Building trust is expensive. You can call it an expense or an investment, or merely cut corners and work on trustiness instead.

Trust is built when no one is looking, when you think you have the option of cutting corners and when you find a loophole. Trustiness is what happens when you use trust as a PR tool.

The difference should be obvious. Trust experienced is remarkable, trustiness once discovered leaves a bad taste for even your most valued customers.

The perverse irony is this: the more you work on your trustiness, the harder you fall once people discover that they were tricked.

(With a hat tip to Colbert)

The new lazy journalism

When journalism was local, the math of reporting was pretty simple: you found a trend, an event or an issue that was important and you wrote about it. After all, you were the voice to your readers. Being in sync with a hundred or a thousand print journalists around the world was important, otherwise your readers woul'd be left out of a story everyone else knew about. And being in sync let a reporter know she was working on the right stories.

It wasn't lazy. It was smart. Your job was to report to the people in your town first, and to report what would be important tomorrow, which was the same thing everyone in every other town was doing.

But it led to events like this one:


Of course, now there is pretty much no such thing as local when it comes to news. Anyone in the world can read about anything in the world. As a result, this habit of being in sync completely undermines what we need from professional journalists.

How many times have I read the story about Louis CK in the last week? Did I need a newspaper to write precisely the same story days after I read it for the first time? How much do we care about the race for 'first' when first is now measured in seconds or perhaps minutes?

We don't need paid professionals to do retweeting for us. They're slicing up the attention pie thinner and thinner, giving us retreaded rehashes of warmed over news, all hoping for a bit of attention because the issue is trending. We can leave that to the unpaid, I think.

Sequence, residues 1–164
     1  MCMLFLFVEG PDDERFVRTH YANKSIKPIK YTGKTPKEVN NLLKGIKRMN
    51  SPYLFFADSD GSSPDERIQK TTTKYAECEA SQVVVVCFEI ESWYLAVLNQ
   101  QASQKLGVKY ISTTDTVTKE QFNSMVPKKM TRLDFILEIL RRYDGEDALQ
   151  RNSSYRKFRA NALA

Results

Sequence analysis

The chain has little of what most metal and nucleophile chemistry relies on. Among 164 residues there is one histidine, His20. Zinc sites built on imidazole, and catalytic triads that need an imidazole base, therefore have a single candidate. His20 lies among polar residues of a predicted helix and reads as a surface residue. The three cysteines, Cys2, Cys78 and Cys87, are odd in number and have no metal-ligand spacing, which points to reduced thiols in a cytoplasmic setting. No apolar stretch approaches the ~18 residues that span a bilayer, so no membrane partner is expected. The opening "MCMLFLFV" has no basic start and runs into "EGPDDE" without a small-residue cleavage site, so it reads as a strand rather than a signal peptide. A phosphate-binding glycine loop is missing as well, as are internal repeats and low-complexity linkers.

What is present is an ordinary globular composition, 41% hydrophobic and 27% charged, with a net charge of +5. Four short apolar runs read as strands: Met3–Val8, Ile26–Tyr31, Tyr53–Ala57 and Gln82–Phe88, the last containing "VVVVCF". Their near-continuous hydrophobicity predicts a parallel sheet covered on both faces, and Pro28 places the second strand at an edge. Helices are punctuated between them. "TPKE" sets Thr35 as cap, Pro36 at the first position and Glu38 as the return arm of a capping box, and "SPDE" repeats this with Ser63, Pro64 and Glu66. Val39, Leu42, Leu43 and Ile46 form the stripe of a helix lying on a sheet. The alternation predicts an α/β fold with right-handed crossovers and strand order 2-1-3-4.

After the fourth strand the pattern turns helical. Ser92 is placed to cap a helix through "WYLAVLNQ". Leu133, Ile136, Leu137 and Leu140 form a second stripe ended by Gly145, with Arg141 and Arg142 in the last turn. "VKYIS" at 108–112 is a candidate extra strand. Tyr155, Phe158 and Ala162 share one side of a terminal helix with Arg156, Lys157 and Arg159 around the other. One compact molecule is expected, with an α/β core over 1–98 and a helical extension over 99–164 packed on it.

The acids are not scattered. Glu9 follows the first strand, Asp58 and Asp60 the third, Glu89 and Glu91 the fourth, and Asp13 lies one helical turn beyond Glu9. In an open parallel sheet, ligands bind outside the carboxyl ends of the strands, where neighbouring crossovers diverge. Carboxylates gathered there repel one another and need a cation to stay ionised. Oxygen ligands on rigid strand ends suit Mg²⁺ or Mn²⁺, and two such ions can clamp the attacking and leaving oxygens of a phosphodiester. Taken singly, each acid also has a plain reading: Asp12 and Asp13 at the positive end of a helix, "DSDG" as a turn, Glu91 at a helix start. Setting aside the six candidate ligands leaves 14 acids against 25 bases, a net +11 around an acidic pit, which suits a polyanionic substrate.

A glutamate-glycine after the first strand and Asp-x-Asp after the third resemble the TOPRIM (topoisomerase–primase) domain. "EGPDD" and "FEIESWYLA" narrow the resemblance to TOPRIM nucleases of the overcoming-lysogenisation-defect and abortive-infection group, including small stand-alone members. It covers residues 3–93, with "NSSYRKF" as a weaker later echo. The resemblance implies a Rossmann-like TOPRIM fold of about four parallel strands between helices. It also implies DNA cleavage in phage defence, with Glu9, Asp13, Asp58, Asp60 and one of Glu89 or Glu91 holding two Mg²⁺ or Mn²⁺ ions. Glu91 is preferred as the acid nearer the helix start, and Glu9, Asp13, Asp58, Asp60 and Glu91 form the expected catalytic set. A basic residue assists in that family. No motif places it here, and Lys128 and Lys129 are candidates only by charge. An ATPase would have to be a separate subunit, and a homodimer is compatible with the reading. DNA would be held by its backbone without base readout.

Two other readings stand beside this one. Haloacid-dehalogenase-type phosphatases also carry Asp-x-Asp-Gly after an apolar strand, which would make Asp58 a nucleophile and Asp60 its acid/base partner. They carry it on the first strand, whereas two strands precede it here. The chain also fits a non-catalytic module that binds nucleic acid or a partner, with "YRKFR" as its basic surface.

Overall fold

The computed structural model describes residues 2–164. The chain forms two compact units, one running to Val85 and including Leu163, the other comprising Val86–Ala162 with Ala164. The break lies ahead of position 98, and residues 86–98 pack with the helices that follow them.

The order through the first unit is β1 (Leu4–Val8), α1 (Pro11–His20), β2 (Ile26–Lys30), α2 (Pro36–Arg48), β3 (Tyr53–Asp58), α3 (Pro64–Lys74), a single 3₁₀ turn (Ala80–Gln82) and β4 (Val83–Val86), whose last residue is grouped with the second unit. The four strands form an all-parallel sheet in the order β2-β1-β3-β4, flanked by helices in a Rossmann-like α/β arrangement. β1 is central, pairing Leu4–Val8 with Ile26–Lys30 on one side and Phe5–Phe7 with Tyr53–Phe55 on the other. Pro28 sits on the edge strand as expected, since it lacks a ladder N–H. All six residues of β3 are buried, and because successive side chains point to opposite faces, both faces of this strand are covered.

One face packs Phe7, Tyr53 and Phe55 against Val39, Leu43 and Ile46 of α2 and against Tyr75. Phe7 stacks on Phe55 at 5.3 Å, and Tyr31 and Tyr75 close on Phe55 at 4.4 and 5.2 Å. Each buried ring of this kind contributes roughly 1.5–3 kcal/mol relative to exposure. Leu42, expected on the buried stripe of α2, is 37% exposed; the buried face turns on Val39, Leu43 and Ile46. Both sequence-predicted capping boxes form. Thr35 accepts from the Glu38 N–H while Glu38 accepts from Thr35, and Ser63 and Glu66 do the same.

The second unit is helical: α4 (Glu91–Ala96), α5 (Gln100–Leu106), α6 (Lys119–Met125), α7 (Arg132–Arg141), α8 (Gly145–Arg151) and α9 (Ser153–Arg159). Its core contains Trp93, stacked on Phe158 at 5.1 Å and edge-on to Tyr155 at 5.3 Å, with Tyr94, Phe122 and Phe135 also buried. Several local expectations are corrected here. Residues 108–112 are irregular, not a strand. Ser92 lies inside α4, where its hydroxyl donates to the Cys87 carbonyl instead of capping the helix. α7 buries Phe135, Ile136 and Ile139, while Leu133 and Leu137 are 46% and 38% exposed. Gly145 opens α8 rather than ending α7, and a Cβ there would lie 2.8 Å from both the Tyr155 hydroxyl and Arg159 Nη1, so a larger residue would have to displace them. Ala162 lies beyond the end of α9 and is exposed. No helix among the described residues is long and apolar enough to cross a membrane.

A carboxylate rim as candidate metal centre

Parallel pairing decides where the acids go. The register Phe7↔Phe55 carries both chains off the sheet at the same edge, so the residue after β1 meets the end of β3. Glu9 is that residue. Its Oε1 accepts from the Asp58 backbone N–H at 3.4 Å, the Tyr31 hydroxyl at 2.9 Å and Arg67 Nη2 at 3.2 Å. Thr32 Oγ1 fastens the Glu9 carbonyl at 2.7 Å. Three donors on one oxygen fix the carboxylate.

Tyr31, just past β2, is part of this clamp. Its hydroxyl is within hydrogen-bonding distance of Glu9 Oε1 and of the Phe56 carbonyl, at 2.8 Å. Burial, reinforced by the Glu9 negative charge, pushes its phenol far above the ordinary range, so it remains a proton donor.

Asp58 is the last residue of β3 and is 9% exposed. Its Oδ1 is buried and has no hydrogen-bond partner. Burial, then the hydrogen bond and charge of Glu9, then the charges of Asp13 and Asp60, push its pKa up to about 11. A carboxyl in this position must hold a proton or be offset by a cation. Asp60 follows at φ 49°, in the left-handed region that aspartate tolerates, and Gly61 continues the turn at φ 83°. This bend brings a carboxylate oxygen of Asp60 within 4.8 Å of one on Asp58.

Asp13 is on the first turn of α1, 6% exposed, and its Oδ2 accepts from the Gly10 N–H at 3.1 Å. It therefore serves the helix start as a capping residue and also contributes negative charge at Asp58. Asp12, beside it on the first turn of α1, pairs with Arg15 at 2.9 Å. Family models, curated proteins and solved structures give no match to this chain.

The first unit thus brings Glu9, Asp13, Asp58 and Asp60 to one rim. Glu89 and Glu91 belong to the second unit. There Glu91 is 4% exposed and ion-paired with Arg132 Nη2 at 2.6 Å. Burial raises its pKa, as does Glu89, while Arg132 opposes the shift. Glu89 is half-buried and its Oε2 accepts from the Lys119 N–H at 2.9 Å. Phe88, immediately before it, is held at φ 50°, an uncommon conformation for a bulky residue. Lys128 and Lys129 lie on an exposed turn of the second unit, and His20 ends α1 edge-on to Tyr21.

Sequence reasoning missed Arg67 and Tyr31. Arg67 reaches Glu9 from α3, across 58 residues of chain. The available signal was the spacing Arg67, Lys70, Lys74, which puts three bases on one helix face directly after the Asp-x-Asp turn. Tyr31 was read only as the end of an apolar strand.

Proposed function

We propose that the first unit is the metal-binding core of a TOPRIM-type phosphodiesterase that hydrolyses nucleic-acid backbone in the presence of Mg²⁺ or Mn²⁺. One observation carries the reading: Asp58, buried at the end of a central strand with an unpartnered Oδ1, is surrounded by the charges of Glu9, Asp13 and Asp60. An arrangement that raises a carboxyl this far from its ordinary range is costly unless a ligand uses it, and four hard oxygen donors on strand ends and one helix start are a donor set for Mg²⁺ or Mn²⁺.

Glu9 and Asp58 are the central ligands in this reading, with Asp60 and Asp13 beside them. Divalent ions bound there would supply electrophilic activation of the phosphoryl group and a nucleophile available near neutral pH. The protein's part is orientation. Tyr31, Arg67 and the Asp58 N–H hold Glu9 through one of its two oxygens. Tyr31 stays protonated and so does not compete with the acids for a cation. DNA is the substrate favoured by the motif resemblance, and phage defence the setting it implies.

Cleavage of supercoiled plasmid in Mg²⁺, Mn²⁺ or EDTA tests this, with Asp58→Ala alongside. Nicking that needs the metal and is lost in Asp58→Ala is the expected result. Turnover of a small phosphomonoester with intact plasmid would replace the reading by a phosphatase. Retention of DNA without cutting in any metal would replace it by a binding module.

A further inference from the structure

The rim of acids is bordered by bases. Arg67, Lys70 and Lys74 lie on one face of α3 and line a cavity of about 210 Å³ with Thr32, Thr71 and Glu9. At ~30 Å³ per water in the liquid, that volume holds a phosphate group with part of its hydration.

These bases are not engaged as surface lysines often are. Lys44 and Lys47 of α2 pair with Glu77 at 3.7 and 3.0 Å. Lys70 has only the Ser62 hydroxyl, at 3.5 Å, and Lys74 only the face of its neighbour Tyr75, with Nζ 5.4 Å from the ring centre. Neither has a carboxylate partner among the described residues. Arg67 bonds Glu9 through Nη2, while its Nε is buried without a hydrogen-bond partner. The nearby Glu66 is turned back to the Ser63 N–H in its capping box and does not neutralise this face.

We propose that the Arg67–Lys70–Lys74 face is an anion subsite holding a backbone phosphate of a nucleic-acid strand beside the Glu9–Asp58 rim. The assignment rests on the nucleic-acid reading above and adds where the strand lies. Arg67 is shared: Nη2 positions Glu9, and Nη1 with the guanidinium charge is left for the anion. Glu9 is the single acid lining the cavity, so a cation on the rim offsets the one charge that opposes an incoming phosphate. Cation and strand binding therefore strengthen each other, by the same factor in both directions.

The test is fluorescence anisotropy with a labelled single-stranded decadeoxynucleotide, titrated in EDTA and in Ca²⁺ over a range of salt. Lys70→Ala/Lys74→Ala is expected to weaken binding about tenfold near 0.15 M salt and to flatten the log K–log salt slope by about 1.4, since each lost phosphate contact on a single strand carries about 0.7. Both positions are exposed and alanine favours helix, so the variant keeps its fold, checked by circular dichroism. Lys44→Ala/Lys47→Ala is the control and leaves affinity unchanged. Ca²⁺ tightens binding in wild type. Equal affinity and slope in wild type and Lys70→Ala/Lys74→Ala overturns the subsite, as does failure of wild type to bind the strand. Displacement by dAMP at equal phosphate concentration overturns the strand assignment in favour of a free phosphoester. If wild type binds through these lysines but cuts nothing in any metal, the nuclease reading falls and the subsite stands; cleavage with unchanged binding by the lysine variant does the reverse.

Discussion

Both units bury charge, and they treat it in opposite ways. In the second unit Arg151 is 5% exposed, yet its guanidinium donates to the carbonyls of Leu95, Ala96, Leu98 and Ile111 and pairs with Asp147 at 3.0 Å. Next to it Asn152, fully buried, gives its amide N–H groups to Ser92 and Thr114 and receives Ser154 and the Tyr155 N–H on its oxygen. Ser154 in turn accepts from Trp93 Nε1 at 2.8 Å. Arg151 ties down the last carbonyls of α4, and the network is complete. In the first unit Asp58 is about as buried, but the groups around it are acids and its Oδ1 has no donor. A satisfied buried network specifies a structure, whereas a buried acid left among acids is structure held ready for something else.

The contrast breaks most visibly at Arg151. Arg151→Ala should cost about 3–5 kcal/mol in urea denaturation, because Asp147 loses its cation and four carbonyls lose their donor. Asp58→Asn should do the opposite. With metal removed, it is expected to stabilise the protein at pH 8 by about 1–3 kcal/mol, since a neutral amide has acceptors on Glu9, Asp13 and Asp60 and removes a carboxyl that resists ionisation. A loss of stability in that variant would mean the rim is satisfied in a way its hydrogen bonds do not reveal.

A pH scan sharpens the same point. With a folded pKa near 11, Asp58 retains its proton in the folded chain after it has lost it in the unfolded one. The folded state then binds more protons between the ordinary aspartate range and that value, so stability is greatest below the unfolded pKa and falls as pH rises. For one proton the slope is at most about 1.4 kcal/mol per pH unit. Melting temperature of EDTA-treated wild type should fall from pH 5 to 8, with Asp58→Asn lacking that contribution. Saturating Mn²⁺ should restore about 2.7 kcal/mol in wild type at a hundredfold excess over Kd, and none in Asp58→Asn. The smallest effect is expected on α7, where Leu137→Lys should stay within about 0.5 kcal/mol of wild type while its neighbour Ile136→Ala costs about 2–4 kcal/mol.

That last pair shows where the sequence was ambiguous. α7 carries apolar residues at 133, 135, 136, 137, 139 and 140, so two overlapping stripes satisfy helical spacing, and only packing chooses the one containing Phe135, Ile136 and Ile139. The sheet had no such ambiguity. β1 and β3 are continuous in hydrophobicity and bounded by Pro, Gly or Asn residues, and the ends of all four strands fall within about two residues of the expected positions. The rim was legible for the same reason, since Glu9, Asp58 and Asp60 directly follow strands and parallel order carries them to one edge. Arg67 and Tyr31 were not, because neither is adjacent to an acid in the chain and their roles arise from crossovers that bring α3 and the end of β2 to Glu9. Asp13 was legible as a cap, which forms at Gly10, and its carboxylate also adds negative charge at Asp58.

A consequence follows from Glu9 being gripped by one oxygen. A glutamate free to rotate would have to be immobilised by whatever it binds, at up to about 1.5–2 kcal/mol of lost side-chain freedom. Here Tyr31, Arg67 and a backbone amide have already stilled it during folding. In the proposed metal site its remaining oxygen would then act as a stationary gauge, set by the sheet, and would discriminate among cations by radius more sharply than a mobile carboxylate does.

The hard part of professional journalism going forward is writing about what hasn't been written about, directing attention where it hasn't been, and saying something new.

Subscription update

You can get this blog every day, mostly for free. Here are some options:

My favorite way to read blogs is with an RSS reader, of which there are many. I use NewsFire on my Mac. There are signifcant advantages: You can read lots of blogs in a little time, there's no noise, no spam and no misdelivery. You can shortcut to add it here, or once you install your reader, just copy and paste this link into it:

Certainly the fastest low-hassle method is to subscribe via Twitter by following @ThisIsSethsBlog  Many people find this simple, but the challenge is that your Twitter feed might be so active you miss some posts.

If you're not already doing it, you can sign up via email.

There's a little box on the left side of my blog that makes this easy:


This is pretty direct though you may discover that somewhere between you and me, a spam filter that neither of us can control shows up. If you use the email option, be sure to hit the confirmation link you get in the email, and don't choose "Tweets you share with your followers" unless you want a daily retweet to happen automatically from you to your followers.

Some people prefer to follow the feed on facebook.

You can also get this on your Kindle, but that costs money, not a penny of which goes to me. But hey, if it works for you, go for it.

And of course, you can always bookmark this page on your browser and come visit me now and then.

I started the grandfather of this blog in 1991 (not a typo) with an email newsletter. Some of you were on that original list, twenty years ago. In this incarnation, there have been more than 4,300 posts... It's been a good run so far, I think--this blog regularly reaches over a million people. Thanks, guys (old and new), for your frequent attention and kind support.

No one ever bought anything in an elevator

The purpose of an elevator pitch isn't to close the sale.

The goal isn't even to give a short, accurate, Wikipedia-standard description of you or your project.

And the idea of using vacuous, vague words to craft a bland mission statement is dumb.

No, the purpose of an elevator pitch is to describe a situation or solution so compelling that the person you're with wants to hear more even after the elevator ride is over.

The difference between a failure and a mistake

A failure is a project that doesn't work, an initiative that teaches you something at the same time the outcome doesn't move you directly closer to your goal.

A mistake is either a failure repeated, doing something for the second time when you should have known better, or a misguided attempt (because of carelessness, selfishness or hubris) that hindsight reminds you is worth avoiding.

We need a lot more failures, I think. Failures that don't kill us make us bolder, and teach us one more way that won't work, while opening the door to things that might.

School confuses us, so do bosses and families. Go ahead, fail. Try to avoid mistakes, though.